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It is easy to put this link into workbooks open.  But the number at the end is not the same.  So instead you can use an error checking routine.  Different URLS’s for Amazon for different years are shown in the screenshot below.  Note that the final numbers are not all the same.

Once you read in the URL’s, you can put the files together into different sheets.  I have created a macro that works through data once you have the company code number used by the SEC.  The screenshot below illustrates how you can filter through different files published by the SEC and save the files. The files are saved into an area you define.  Once you have the excel files defined, you can put the income statement, the cash flow statement and the balance sheet together.  I have made macros with short cuts (SHIFT, CNTL, I) for the income statement (SHIFT, CNTL, C) for the cash flow statement and (SHIFT, CNTL, B) for the balance sheet.  This allows you to quickly open the financial statement files and then put them together.

Using the Union Function to Put Together Financial Statements

I have tried to make a very painful process as easy as possible.  I have not been able to make it fully automatic, but I hope you can get a file together if minutes rather than days. Like many functions, the UNION function is an array function.  This means the output does not go into one cell but rather into a series of cells.  To operate the UNION function you should leave a long space and then select the long space.  After that, you begin typing the UNION function.  Then like with any function press the tab key.  After that, you can select multiple other columns (or rows) that will be combined into one single column,  At the end press the SHIFT, CNTL, ENTER sequence.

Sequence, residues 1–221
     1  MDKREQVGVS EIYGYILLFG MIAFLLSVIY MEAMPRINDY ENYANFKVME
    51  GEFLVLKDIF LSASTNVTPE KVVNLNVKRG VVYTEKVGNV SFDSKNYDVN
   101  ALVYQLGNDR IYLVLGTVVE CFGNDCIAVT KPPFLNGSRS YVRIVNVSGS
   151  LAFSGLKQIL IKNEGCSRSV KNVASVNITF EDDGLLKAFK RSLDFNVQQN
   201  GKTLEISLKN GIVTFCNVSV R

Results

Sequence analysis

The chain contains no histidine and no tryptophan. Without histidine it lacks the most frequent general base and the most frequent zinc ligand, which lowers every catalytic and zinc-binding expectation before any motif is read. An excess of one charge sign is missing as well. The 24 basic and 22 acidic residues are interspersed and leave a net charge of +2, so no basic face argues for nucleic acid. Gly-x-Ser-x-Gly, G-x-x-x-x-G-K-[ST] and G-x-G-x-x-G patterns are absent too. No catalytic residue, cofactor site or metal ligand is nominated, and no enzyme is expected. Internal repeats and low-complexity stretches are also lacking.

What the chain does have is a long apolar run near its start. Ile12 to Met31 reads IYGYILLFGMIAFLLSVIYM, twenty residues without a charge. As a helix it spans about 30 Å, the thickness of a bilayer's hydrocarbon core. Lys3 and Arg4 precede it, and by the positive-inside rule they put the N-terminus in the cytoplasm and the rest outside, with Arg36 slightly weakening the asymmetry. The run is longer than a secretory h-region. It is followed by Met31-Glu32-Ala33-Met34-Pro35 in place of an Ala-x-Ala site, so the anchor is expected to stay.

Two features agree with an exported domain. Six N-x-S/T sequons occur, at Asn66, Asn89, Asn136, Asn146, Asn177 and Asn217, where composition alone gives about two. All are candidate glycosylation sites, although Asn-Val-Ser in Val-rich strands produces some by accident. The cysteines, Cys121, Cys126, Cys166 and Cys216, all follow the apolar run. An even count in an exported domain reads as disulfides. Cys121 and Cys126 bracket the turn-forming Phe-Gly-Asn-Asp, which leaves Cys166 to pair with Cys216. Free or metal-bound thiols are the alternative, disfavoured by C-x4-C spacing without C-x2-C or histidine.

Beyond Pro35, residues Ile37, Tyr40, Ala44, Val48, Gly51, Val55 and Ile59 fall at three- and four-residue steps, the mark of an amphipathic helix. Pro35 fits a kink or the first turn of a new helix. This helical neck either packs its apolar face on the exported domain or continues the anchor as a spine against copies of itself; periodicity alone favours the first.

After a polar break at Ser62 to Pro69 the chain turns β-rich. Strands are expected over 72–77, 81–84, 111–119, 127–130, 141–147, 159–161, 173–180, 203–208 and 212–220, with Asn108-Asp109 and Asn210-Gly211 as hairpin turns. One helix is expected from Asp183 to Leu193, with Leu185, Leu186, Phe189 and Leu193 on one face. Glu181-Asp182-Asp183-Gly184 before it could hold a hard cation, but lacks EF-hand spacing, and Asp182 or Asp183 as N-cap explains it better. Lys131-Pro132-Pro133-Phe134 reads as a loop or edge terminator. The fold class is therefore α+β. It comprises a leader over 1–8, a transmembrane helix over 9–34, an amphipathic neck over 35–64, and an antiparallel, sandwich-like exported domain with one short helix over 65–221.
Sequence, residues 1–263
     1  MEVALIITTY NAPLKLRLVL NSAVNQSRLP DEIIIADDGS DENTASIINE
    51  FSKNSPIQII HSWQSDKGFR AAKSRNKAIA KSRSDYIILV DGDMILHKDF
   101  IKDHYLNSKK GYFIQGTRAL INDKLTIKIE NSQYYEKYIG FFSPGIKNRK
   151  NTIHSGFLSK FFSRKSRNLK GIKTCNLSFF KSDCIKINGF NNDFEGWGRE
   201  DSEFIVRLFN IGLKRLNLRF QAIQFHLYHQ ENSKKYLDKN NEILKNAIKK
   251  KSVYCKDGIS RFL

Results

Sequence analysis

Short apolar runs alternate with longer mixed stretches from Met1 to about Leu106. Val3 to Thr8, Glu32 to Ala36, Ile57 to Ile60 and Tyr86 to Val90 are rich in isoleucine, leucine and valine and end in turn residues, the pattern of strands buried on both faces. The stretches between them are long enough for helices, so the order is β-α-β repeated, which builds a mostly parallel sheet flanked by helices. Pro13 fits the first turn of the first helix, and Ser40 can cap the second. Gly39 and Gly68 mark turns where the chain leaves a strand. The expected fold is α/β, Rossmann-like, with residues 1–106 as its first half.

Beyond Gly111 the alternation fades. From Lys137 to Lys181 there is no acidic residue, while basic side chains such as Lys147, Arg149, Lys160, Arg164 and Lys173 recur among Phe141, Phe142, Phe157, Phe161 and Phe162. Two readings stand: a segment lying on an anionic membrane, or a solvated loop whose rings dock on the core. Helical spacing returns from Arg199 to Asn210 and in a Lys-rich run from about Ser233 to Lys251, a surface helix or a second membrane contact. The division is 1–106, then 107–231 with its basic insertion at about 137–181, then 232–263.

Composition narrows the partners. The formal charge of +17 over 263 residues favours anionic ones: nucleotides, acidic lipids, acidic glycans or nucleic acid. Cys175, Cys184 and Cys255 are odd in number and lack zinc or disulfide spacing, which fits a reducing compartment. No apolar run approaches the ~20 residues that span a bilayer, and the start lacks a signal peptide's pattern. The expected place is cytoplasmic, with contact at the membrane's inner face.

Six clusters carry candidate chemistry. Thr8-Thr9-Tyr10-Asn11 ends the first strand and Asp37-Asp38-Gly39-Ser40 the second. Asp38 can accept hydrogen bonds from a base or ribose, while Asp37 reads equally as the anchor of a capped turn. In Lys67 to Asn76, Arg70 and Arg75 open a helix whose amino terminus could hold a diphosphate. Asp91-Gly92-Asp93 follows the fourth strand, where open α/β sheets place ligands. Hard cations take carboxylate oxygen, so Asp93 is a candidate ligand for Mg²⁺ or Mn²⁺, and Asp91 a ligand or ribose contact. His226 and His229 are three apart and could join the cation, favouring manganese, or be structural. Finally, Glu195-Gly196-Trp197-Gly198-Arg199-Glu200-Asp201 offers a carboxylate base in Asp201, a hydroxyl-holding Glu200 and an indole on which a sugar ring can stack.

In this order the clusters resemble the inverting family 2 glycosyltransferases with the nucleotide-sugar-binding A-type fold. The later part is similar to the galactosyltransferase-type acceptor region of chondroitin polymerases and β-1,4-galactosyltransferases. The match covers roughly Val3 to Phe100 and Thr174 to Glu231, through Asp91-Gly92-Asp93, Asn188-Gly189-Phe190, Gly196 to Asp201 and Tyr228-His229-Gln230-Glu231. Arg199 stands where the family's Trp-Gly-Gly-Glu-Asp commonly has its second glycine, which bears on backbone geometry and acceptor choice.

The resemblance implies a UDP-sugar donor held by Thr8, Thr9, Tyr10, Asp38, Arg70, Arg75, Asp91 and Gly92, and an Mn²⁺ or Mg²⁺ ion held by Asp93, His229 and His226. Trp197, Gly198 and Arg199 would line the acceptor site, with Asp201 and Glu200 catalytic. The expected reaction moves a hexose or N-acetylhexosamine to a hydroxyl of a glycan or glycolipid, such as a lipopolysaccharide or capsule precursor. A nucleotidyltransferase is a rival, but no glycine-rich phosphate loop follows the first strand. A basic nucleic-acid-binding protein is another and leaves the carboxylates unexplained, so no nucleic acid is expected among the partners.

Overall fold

Here is a step by step review of the union function:

Step 1: Insert some columns at the left of the sheet

Step 2: Use the Union Function which is an array function (SHIFT, CNTL, ENTER).

Don’t forget to make enough space for a long list of columns.  The argument for the UNION function is the different titles for the stuff the you read in.  The use of the UNION function is illustrated in the screenshot below.

Step 3 Clean up the Union Function Output.

The union function does not always put things in a nice order.  So you can copy and paste special as values, the titles and then move then around.  The screenshot below illustrates the union function output before it has been cleaned up.  Note that there are two titles for income.  You can put these titles together and clean up the top stuff.  The second screenshot shows the cleaned up version.  Also get rid of the zeros at the end.

Step 4: Use the IDMAT (Index and match) to put together year by year date

You apply the INDMAT function, from the adjusted UNION function list.  You compare the master list with the year by year lists and then collect the data.  The INDMAT is illustrated in the screenshot below. When you use the INDMAT, use the entire row for the title of the individual year and use the entire rpw of data.  As you proceed with more columns you can group (temporary hide) columns that you have finished with using SHIFT, ALT, –>.  The finished result after the INDMAT is illustrated in the second screenshot below.

Step 5: Clean Up the Data with Multiple Rows

Once you have finished with the INDMAT, it will look a bit messy as shown in the screenshot below.  But you can insert some columns (to save the original stuff for future years).  Then you can copy and paste the information to the blank columns (or even a blank sheet).  The final column will finally look clean and you have a lot of valuable history.  The result is shown in the second screenshot.

The video below is lengthy and bad but it goes through this.